For a lesson on just how crass and vulgar American films can get, try a double feature of The Exorcism Of Emily Rose and the German drama Requiem. Both films are based on the most famous demon-possession case on record, and they hinge to varying degrees on the "is she or isn't she?" question, but their approach to the material contrasts so dramatically that it's hard to remember that they're telling the same story. A jarring mix of flash-cut shocks and insipid courtroom drama, Emily Rose frames the case as the Scopes Monkey Trial revisited, a stark example of science failing to account for religious phenomena. Though its heroine's mysterious seizures and blackouts are terrifying in the way they undermine her quest for self-determination, Requiem isn't a horror movie so much as a thwarted coming-of-age story, like Carrie without the bloody reckoning.
Meanwhile, in Requiem, Sandra Hüller gives a committed, mesmerizing performance that recalls Emily Watson in Breaking The Waves. Her character, a young woman from a deeply religious background, yearns to go to college. Over the objections of her forbidding mother (Imogen Kogge), who worries that her crippling "spells" will resurface, Hüller's gently sympathetic father (Burghart Klaussner) encourages her to follow her ambitions, in spite of his concerns about her health. Though it takes the awkward Hüller some time to acclimate to college life, she forges a strong friendship with former classmate Anna Blomeier, and even finds a boyfriend. Yet old demons literally resurface when she begins to experience frightening supernatural spells, linked to an inner repulsion with religious artifacts. After she consults her priest and others within the church, they determine that she's a candidate for exorcism.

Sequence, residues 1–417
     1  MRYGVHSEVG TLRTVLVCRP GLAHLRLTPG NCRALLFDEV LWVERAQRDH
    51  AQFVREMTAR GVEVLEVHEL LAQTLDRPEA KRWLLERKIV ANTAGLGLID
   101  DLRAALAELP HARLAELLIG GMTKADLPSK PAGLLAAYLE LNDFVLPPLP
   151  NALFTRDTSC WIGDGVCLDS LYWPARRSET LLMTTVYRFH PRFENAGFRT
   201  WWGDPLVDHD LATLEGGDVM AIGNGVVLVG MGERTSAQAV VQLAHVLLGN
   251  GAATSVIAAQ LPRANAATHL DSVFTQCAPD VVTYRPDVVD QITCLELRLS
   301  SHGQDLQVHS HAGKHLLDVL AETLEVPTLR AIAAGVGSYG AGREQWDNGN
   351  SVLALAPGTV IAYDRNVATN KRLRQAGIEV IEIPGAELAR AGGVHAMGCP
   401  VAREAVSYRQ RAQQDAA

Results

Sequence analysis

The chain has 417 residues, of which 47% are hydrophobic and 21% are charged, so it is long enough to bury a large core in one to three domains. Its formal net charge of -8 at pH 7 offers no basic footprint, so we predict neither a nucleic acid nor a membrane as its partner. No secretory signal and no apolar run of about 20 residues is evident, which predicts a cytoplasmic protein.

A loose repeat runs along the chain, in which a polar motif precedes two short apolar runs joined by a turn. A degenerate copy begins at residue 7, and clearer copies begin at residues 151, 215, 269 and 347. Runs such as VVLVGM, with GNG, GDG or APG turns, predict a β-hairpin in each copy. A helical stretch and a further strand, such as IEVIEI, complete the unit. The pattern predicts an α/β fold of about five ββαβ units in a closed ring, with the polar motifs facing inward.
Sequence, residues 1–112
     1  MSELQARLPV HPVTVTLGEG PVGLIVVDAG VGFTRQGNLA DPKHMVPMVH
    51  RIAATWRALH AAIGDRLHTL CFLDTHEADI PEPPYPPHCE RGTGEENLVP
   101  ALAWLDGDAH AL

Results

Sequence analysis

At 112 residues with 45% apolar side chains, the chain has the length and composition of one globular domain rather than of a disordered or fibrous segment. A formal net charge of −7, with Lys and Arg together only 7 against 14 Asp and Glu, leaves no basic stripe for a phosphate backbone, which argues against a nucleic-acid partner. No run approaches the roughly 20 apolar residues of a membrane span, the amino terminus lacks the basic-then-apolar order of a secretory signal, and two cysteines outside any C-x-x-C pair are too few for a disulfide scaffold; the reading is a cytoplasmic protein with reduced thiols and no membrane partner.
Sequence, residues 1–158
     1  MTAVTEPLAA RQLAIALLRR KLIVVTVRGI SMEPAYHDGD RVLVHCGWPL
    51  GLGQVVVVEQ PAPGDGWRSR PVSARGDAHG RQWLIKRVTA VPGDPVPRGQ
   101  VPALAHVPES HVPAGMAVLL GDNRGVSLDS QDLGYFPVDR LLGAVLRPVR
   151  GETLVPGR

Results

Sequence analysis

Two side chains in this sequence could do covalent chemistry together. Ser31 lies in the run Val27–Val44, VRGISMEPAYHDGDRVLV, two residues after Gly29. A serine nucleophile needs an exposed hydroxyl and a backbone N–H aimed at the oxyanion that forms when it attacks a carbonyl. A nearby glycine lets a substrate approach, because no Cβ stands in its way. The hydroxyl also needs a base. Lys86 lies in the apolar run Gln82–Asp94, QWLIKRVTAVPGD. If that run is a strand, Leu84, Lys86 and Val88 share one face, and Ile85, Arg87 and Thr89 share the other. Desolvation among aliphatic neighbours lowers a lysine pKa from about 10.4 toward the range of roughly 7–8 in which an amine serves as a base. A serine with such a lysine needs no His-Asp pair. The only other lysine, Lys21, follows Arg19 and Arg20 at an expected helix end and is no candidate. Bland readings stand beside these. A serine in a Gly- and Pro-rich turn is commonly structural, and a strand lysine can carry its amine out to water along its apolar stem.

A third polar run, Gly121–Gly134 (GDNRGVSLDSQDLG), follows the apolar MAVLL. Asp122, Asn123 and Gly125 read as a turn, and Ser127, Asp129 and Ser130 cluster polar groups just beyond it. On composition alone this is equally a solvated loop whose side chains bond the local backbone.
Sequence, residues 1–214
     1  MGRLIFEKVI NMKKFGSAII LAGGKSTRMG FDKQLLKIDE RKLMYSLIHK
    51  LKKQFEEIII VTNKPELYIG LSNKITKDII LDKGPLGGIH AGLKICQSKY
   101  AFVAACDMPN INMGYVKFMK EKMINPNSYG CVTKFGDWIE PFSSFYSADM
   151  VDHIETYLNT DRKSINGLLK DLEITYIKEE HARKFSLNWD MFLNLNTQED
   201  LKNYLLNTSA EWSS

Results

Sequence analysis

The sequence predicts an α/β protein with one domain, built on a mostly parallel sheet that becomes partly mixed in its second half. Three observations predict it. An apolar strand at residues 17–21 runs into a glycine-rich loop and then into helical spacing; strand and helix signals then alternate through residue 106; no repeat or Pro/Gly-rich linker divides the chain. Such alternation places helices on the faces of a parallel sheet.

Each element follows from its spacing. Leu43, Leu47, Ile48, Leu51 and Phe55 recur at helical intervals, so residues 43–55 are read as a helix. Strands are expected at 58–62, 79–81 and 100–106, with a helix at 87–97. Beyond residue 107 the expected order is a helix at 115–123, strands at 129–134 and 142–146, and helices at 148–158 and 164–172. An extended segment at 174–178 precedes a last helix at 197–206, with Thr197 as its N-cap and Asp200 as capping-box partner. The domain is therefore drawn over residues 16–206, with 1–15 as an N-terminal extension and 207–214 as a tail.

Director Hans-Christian Schmid doesn't come to any hard conclusions about Hüller's malady, beyond the obvious suggestion that they may be a psychosomatic symptom of her upbringing. Unlike Emily Rose, Requiem chooses to leave the demon-possession angle ambiguous while focusing on the issue of choice and how much control its heroine has over her life. While Schmid's naturalistic style seems overly drab and conventional at times, his refusal to exploit the story's supernatural elements grants this young woman complexity and dignity. By the beautiful conclusion, it's clear that the devil may be inside her or he may not, but she has some say over her possession.